Matt Bennett’s Mid Week Comments

Good Morning!

I hope things have gone well for you this week. My week has been a blur. With virtual presentations, I’m able to be at home, but it seems I have a few every week this winter. Being a holiday-shortened week, it’s nice to only have markets four days…not to mention I need to take my bride somewhere this weekend. Our anniversary is Feb 6th, her birthday is the 17th and of course Valentine’s Day…I get hit hard in February! While getting away from home hasn’t been all that easy over the past year, we’re making it a point to go do something this weekend. Of course, that’s around 4H steer weigh-in and getting together with family to celebrate Tif’s birthday. I hate to complain about being too busy, but I could use a day or two in here. Let me know how you’re doing…hopefully great!

The corn and bean markets were lower on the overnight markets…the day session saw two-sided trade with the close for both markets fairly quiet. With talk of South American weather still less-than-ideal, selling subsided as the day session wore on. With volatility getting pared back a bit, trade was quiet…much quieter than we’ve seen in some time. The baseline numbers from the USDA are out today and tomorrow, which are assumed to be robust on acreage and carry-out levels. While this typically isn’t a market mover, my assumption is we’ll head on higher if acreage and production is below average trade guesses due to how tight carry levels are already. Outside markets should have been a mixed influence on Wednesday. March crude was up $1.09 on the day, closing at $61.14. The DOW also closed up 91 points at 31,549. The Dollar however, settled sharply higher, up .446 at 90.949.

Corn – The corn market has had a good week with solid gains on Tuesday and the ability to hold steady on Wednesday. March corn closed down three-quarters of a penny at $5.53. This was a penny and three-quarters off the high and 5 ½ off the low of the day. There was no EIA report from the Department of Energy yet due to the holiday pushing everything back a day. Most assume this next week we could see some pullback in corn usage numbers due to the number of plants that had to shut down due to natural gas shortages or simply stopping production to sell the energy they had purchased for a big profit. I look for the baseline numbers to show corn acreage above 90 million acres with the average trade guess closer to 93 ma. Anything close to 90 would likely be considered quite friendly even though most in the trade will still assume big corn acres this spring. With Dec corn settling at $4.60, the average for the month of February remains at $4.52…that price is certainly fine by me for an average. I’m not necessarily bearish old and/or new corn but have a tough time ignoring these prices. It seems to me it would be a great idea to get some profitability locked in at these levels.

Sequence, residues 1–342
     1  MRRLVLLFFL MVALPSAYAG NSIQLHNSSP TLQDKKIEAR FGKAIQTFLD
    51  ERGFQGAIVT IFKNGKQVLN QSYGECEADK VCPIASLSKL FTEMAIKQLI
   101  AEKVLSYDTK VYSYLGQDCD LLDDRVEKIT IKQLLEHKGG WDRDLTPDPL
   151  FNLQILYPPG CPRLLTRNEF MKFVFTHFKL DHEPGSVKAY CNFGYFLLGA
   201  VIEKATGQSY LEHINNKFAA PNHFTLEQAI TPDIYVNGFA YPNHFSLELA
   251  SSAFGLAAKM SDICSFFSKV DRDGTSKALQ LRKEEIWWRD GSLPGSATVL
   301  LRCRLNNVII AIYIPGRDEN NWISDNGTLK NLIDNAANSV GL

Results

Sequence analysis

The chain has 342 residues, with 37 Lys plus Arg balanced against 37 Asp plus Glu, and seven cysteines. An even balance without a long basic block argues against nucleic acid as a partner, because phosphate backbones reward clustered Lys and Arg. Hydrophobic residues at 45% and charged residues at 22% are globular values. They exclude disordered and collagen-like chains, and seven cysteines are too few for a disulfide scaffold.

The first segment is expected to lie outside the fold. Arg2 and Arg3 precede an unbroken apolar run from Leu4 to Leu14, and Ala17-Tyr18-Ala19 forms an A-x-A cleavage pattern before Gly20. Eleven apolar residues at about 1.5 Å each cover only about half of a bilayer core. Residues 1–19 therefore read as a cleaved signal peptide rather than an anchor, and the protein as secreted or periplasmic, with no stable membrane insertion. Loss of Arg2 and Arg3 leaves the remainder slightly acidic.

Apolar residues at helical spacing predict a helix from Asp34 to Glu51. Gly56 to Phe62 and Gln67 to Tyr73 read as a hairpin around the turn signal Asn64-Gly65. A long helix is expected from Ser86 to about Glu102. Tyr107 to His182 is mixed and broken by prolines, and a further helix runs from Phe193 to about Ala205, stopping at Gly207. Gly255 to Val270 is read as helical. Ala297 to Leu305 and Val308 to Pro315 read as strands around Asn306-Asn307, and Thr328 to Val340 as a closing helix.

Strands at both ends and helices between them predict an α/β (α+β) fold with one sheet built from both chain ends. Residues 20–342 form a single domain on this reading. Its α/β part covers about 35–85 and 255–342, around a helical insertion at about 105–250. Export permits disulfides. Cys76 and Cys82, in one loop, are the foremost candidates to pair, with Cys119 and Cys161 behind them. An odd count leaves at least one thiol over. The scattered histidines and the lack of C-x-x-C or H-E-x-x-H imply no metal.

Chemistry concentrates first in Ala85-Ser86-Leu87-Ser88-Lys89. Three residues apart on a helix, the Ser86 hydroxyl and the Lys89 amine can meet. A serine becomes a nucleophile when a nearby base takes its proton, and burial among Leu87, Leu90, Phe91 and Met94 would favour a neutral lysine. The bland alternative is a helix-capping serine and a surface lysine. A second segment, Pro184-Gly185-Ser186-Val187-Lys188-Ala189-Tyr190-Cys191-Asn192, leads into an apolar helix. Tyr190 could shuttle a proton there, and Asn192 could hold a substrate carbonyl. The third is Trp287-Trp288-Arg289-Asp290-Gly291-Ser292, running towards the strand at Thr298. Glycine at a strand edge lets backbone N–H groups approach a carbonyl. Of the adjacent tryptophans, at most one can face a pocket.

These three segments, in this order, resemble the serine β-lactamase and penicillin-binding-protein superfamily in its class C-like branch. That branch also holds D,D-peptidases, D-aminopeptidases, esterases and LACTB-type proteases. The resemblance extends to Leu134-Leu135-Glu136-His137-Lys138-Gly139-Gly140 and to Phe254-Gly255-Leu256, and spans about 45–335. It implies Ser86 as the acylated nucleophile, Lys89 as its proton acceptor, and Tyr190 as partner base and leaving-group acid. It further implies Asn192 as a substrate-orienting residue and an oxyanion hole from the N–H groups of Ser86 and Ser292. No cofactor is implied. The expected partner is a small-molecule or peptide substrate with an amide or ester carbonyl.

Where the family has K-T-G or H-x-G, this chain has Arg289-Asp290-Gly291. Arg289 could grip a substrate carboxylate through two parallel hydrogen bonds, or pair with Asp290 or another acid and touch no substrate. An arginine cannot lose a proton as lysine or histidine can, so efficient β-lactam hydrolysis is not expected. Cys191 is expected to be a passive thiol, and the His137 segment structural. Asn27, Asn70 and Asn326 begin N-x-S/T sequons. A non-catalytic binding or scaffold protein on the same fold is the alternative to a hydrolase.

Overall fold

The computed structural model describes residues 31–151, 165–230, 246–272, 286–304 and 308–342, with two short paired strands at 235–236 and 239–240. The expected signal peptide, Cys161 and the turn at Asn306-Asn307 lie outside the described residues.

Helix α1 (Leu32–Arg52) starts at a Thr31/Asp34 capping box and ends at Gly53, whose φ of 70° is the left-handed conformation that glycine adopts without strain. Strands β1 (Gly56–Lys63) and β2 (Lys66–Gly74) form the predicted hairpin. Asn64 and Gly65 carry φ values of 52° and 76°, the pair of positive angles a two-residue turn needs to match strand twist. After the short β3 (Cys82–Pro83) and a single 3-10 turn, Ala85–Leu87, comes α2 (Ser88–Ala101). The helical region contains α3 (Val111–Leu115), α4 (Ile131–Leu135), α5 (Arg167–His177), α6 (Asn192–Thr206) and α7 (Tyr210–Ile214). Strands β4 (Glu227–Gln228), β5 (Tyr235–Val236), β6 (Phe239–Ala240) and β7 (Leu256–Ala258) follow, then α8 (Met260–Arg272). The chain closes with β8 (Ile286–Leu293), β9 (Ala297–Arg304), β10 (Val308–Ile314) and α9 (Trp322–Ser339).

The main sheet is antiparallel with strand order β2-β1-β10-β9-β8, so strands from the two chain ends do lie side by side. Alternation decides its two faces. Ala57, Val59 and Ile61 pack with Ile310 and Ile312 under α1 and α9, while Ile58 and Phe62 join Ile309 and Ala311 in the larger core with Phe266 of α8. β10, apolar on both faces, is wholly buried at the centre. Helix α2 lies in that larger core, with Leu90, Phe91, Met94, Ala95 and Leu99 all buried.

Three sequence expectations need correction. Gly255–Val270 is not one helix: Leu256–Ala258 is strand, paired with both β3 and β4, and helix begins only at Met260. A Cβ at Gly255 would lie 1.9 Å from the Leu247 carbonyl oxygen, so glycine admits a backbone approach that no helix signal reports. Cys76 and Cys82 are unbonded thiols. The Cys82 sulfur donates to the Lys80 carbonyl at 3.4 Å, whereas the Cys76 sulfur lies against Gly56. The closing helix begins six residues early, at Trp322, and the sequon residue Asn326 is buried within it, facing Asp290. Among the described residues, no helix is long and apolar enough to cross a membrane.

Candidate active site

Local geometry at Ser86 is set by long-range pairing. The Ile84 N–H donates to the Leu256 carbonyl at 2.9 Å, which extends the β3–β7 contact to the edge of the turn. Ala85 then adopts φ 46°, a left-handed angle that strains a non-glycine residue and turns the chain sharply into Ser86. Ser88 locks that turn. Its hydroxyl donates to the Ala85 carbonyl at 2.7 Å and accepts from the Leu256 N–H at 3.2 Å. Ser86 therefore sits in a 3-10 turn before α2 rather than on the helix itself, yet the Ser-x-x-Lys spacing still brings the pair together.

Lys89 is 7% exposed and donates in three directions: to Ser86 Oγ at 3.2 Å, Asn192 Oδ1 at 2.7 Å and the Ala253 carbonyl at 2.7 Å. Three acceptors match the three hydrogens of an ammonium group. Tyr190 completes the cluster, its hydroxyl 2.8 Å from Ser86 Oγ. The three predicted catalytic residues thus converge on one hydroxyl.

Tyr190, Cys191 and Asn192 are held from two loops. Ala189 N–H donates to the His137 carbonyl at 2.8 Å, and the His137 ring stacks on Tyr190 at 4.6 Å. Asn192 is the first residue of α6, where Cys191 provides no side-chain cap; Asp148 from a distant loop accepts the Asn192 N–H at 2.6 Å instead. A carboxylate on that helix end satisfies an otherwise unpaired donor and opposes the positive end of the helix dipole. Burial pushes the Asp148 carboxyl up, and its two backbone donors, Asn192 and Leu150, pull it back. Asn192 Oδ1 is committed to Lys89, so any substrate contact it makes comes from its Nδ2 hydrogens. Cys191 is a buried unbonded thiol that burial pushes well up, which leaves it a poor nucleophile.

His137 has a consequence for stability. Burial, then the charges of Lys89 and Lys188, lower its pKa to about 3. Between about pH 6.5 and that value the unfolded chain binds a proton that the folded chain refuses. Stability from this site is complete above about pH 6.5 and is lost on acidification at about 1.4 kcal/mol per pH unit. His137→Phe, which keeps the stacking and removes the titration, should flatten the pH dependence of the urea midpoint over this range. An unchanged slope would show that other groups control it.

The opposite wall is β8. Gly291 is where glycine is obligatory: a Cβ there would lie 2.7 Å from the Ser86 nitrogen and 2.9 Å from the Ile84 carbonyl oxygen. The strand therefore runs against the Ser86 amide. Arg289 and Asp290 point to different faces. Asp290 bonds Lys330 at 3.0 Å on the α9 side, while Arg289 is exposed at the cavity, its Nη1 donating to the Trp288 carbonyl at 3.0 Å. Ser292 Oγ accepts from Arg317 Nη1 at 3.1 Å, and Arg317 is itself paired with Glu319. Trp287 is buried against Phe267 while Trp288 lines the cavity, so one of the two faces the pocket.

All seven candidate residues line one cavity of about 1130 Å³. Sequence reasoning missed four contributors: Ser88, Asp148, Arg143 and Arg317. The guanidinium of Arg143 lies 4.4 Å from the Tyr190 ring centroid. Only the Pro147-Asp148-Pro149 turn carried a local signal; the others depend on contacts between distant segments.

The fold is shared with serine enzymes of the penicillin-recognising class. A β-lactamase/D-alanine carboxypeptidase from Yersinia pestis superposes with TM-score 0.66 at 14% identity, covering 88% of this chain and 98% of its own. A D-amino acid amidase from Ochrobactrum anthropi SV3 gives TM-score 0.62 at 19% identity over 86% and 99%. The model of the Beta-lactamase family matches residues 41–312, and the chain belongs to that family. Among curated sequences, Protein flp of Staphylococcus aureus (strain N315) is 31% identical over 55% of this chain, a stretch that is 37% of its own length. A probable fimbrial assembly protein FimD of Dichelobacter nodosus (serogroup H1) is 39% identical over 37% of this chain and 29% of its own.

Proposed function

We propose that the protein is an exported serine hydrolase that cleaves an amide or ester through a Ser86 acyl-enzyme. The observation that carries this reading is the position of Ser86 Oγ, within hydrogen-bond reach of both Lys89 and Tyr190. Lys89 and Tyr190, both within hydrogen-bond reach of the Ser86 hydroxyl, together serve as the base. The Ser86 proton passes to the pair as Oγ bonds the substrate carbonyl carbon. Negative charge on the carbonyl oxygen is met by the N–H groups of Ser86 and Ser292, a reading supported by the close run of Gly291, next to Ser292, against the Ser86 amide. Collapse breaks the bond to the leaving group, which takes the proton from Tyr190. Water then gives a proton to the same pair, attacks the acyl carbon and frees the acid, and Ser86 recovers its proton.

Soybeans – Soybeans had a quiet day as well on Wednesday after nice gains were posted to start the week. March beans ended the day down a penny at $13.83 ¾. The close was 6 ¼ cents off the high and 7 ½ off the low of the day. While the bean market has had some huge ranges lately, it was quiet as can be after double-digit gains on Tuesday. Many in the trade assume the high is in for beans without some sort of weather problem for the US, but at the same time, I struggle to agree with that just yet. Given how tight US stocks are, a case can be made for all-time highs based on purely fundamentals and historical price action. For the baseline numbers to be bearish, I’d assume acreage will have to be close to or above 90 million acres with big production. Again, my thought is this might be traded for a bit, but nothing like the reaction we have seen for the monthly reports. On new-crop Nov21 beans, we settled at $11.89…the average for February is up to $11.68. As with corn, I struggle to sit on my hands with new bean prices at these levels. While I’m already at 30%, my plan all along has been to make another sale in the $12 range, which is where my offer is currently…tough to pass up. Let me know if we can help you on a marketing plan…we need to make the most of 2021.

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Matt Bennett

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